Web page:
BJJ Training in NYC
There are two approaches to Brazilian Jiu-Jitsu training in NYC—the tournament approach and the self-defense approach. The tournament approach is about learning how to succeed in BJJ tournaments. The self-defense approach is about learning the principles of Jiu Jitsu to prepare you for any of life’s challenges including (but not limited to) physical altercations. This typically means real world situations, but it can also apply to scenarios like those one might encounter in an MMA fight.
The Tournament Approach
With the tournament approach, fighters must learn the rules that have been adopted by BJJ organizations. By knowing these rules, they can avoid losing points or, worse, being disqualified. Fighters must then devise strategies that work within the rule system to win matches and tournaments. On top of learning these rules and BJJ techniques, fighters need to train inside and outside of their gym. Most training regimens include:
- Gi and Submission Wrestling (No-Gi) training;
- Conditioning: Running, cycling, swimming, etc.;
- Strength training: Lifting weights, calisthenics;
- Learning BJJ techniques and moves;
- Practicing isolation drills
Practicing isolation drills is key to the tournament approach because they recreate situations that are likely to arise during competitions. When fighters are placed in a control position, this allows them to perfect certain holds, devise ways to finish matches, and prevent escapes. When they are in a situation where they have been mounted, it teaches them how to prevent submission holds, stop additional attacks, and escape.
The Self-Defense Approach
The self-defense approach has a longer-term view of Jiu Jitsu training. It is a constant improvement and the benefits are far more impactful than competition wins. Like the tournament approach, it also incorporates conditioning and strength training, which may or may not take place in the gym, but the self-defense approach differs in how BJJ techniques are taught.
Instead of focusing on tournaments, the self-defense approach focuses on learning the fundamentals of BJJ, its principles and how its tactics can be applied to real-life situations. The manifesto of Gracie Jiu Jitsu® is about ENDURING and ‘Weathering the storm.’
Helio Gracie viewed self-defense as not merely defending oneself from another person but using Jiu Jitsu’s principles to endure against any challenges in ones life.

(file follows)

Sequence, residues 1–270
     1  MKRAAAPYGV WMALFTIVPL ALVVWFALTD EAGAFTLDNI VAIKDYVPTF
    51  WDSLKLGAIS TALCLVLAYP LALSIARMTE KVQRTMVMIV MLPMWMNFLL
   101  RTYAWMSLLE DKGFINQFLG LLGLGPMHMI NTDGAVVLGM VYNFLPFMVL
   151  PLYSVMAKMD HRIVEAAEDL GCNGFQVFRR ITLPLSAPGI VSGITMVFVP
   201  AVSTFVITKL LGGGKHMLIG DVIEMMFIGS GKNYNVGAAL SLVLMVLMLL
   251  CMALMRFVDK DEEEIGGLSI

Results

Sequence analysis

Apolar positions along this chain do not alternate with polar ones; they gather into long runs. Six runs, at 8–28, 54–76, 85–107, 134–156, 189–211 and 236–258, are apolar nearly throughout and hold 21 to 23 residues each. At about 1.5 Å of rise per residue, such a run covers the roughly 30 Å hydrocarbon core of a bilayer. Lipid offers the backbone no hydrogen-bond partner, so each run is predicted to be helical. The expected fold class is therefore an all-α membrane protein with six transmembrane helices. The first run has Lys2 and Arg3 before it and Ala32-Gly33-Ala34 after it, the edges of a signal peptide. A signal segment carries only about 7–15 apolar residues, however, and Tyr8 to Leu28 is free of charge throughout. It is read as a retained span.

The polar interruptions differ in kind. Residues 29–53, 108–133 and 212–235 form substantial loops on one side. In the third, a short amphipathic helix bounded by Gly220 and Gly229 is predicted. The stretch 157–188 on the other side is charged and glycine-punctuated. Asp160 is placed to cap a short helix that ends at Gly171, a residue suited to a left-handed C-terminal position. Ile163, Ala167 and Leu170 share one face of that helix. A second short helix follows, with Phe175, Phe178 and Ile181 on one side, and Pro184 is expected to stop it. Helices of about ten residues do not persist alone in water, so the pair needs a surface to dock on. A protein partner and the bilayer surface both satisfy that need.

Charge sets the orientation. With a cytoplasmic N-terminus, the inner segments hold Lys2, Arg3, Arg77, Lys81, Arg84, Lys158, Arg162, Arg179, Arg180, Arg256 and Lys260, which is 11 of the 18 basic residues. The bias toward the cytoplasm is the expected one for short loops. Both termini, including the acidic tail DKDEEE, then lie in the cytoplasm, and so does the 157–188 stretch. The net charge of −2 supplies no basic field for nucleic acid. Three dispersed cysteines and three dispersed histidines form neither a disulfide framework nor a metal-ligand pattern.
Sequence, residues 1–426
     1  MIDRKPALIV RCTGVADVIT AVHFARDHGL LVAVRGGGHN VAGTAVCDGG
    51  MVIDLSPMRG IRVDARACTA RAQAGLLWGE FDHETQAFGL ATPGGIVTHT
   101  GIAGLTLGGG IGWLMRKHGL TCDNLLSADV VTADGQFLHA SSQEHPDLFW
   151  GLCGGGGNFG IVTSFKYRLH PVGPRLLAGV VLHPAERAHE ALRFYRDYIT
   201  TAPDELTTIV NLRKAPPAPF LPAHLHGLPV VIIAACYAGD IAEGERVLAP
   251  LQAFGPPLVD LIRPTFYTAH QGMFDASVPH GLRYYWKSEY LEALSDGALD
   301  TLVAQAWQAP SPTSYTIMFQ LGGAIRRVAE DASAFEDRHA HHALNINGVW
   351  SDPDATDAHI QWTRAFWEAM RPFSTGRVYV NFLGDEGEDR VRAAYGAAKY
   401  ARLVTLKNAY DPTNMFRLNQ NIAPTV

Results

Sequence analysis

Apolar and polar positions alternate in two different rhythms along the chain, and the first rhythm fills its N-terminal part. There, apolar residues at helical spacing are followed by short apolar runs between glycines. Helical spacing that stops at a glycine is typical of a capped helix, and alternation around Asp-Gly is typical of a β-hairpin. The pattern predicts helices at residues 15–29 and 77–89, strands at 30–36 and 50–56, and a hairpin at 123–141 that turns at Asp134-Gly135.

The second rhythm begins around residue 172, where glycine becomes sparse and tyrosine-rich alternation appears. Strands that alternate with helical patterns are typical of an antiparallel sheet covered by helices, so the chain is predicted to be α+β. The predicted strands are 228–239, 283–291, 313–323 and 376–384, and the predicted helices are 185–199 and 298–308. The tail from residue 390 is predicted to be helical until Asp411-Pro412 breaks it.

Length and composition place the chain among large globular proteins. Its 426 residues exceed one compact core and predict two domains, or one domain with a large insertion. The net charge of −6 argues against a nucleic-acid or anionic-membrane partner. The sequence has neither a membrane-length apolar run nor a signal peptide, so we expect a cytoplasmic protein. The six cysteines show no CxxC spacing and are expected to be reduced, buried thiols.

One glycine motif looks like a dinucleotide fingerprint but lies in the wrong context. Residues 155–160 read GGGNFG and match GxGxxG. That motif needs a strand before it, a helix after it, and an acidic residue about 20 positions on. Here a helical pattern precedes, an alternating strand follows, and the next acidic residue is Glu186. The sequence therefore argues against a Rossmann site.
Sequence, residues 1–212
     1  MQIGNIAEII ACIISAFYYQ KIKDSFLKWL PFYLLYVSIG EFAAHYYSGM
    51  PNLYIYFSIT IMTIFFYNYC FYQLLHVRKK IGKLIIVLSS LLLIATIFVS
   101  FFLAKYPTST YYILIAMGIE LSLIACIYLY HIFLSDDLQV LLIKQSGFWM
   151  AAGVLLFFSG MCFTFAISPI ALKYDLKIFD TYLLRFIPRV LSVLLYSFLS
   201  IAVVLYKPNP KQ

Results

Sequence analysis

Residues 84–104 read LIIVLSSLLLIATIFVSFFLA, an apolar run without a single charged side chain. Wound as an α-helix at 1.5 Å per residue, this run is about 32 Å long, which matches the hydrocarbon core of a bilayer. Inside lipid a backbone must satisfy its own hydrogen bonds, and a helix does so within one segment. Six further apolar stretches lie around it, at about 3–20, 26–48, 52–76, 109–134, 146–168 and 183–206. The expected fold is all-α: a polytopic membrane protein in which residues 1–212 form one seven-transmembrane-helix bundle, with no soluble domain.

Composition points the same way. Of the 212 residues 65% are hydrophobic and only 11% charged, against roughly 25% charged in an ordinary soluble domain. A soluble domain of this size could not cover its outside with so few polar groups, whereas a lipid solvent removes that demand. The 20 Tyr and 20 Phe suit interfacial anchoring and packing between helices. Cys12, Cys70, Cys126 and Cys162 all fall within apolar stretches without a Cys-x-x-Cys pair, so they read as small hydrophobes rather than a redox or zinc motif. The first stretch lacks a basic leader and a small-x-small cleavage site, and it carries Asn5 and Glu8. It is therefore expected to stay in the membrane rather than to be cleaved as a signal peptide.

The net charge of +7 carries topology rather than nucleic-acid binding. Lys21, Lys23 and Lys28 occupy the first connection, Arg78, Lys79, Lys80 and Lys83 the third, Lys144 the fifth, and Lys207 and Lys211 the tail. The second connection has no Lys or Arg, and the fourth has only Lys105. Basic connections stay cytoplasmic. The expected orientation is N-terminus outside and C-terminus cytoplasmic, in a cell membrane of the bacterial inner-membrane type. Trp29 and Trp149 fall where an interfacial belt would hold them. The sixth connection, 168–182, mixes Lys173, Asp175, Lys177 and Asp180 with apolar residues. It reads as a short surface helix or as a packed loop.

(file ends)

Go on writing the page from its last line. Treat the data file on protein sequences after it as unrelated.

Jiu Jitsu principles employed in the physical can also be employed to the metaphysical. In a physical altercation against a larger heavier opponent, a Jiu Jitsu student is taught to stay calm and employ defensive techniques until his or her opponent depletes their energy, at which point a counter measure is employed to reverse the control of the situation. This principle is also effective, when one faces a challenge in their life, such as stress. The student applies their learned skill in staying calm, defending and maintaining, while looking for the right opportunity to reverse or escape the situation.
The Difference Between Tournament and Self-Defense
To use an analogy to better explain the difference between the two, think of the ways a beginning musician learns their instrument. One way is to pick out songs, and then learn how to play them well. Another way is to learn scales and theory. Ultimately, both routes may produce excellent musicians. However, in practice, the former produces a musician who can play certain songs very well and has learned certain techniques that are very impressive, but they may find it difficult to deviate from the given structure of the song. The latter method, meanwhile, produces a musician who may not have perfect technique, but they appreciate how songs are put together and they are typically more capable of improvising.
Those who follow the tournament approach often end up like the musician who only knows how to play individual songs. Those who take the self-defense approach often end up like the musician who can improvise. As we meet the different personal challenges in our lives, we tend to require far more improvisation. The beauty if Jiu Jitsu is its scalability to be the right tool for everyone individual. Which approach do you prefer?